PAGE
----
Happy Accidents

If the Woody Allen of Annie Hall and the Nicolas Roeg of The Man Who Fell to Earth had ever collaborated on a movie, the result might have looked something like Happy Accidents. Brad Anderson’s new film, starring Marisa Tomei and Vincent D’Onofrio, welds the romantic comedy and science-fiction genres together, and the result is a charming, and occasionally eerie, demonstration of how far a little conviction can take a movie.

Tomei stars as Ruby, a dysfunctional New York City single who insists on seeing herself as an incurable romantic. Frustrated by her years of dating egoists and losers, the only thing stopping her from lapsing into full-blown cynicism are the snarky bull sessions she shares with her girlfriends. Then she meets Sam, a gentle newcomer to the big city played by a relaxed, breezy D’Onofrio. Though Sam claims to hail from Dubuque, Iowa, he seems to come from a different world altogether. He has a bar code tattooed on his forearm, naively courts Ruby by playing polka music full-blast on her stereo (“What is this, an Art of War thing?” she asks in disbelief), and tells her he loves her almost before they’re done having sex the first time.

Ruby, caught up in the good feeling of their relationship, lets Sam move in with her after they’ve been together only a week. That’s when she starts noticing other tweaks in his character: his fear of miniature dogs, for instance, or the hours he spends obsessively sketching the same woman’s face over and over again. When Ruby corners him and demands an explanation, his confession hardly puts her mind at ease. He tells her that he’s a time traveler from the future—from the year 2470, to be precise—and most disturbing of all, his story holds together no matter how hard Ruby tries to shake it. As she casts about for a way to read Sam’s quirks as something other than signs of psychosis, it turns out that Sam is fighting a battle of his own that involves reworking the forces of destiny.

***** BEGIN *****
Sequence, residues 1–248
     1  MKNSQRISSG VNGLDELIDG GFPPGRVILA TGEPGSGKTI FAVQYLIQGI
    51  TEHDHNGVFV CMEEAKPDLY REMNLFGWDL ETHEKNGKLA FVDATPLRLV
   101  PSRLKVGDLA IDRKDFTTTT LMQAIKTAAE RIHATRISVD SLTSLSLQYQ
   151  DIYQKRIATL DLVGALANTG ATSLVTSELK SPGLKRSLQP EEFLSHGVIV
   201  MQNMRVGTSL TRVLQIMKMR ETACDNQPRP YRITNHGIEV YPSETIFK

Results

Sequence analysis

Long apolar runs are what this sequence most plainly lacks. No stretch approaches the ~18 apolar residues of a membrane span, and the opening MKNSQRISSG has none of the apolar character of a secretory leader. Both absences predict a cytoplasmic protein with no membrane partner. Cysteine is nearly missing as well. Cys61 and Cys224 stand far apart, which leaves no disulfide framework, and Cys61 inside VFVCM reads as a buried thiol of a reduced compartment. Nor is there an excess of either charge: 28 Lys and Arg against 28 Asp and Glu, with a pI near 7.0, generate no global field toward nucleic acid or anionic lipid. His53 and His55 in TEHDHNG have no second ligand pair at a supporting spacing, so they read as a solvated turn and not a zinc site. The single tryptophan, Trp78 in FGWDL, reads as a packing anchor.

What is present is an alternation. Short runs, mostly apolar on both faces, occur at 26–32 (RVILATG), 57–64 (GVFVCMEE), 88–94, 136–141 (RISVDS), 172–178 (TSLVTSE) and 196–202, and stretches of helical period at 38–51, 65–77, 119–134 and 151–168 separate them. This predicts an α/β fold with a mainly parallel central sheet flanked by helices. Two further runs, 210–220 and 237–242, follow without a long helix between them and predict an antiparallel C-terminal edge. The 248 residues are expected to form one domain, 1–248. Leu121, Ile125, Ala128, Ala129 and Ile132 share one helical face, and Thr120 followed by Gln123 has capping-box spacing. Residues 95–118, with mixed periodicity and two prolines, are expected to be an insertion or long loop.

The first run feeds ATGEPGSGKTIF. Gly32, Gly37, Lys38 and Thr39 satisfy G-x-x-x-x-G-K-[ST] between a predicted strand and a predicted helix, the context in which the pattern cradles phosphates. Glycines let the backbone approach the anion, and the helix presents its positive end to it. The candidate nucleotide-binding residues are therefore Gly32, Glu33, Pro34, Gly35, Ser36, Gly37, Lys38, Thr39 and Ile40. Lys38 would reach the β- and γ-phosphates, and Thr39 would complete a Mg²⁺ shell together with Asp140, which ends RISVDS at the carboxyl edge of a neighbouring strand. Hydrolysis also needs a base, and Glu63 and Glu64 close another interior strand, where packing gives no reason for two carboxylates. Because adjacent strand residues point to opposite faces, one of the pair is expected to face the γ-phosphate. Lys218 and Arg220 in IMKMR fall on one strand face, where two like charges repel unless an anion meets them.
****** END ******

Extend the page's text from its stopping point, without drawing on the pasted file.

Happy Accidents gives that great theme of romantic comedies—two people trying to make things right between each other—a light philosophical spin. It makes you feel how tenuous the connections are that bind or cleave people, and it uses plain dumb luck as a symbol of the emotional hurdles that we have to jump over in order to be together.

Especially in its early going, Happy Accidents indulges in needlessly shaky handheld camerawork, and it’ll probably set off the alarms of anyone who’s had it with stories about urban lonelyhearts. But by the time thefilm is over, it’s at least pointing in the direction of Chris Marker’s heartbreaking La Jetee, even if it doesn’t begin to approach the highs of that landmark film. (Few movies do.) And with its miniscule budget, Happy Accidents is certainly a better attempt than Terry Gilliam gave the same material when he threw $29 million at 12 Monkeys and came up with next to nothing. There aren’t any fancy CGI effects or pieces of high-tech hardware in Happy Accidents. Anderson mostly conveys Sam’s experiences by giving him some slang from another age—such as “gene dupes” and “back travelers”—and having him talk about time travel in a way that’s as speculative as it is funny. In feeling, Happy Accidents is reminiscent of 1998’s Last Night, in which Don McKellar sketched a minimalist’s portrait of the end of the world by doing no more than emptying a couple of city blocks and having his actors throw anxious glances in the direction of the sky.

Whatever you do, don’t tell Marisa Tomei that she’s acting in some gossamer-thin romantic comedy. Tomei became a target of scorn overnight when her clever turn in My Cousin Vinnie stole the Oscar away from two widely-admired performances by Vanessa Redgrave and Judy Davis, but her focused work in Happy Accidents makes you forget all the backbiting and see her with fresh eyes. Trimmed-down and angular, with a pointed jaw and sinewy biceps, her Ruby is a comfortably balanced creation: vulnerable without being wimpy, tough without being a pain in the neck. Tomei burns off the cliches from what could have been another nagging Sex & the City-type character and gives Ruby a biting sense of urgency that’s beautiful—and even valiant.

– Tom Block

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